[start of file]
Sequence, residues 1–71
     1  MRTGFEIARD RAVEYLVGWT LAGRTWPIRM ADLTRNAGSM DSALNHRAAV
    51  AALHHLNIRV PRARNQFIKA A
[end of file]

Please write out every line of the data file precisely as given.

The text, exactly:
Sequence, residues 1–71
     1  MRTGFEIARD RAVEYLVGWT LAGRTWPIRM ADLTRNAGSM DSALNHRAAV
    51  AALHHLNIRV PRARNQFIKA A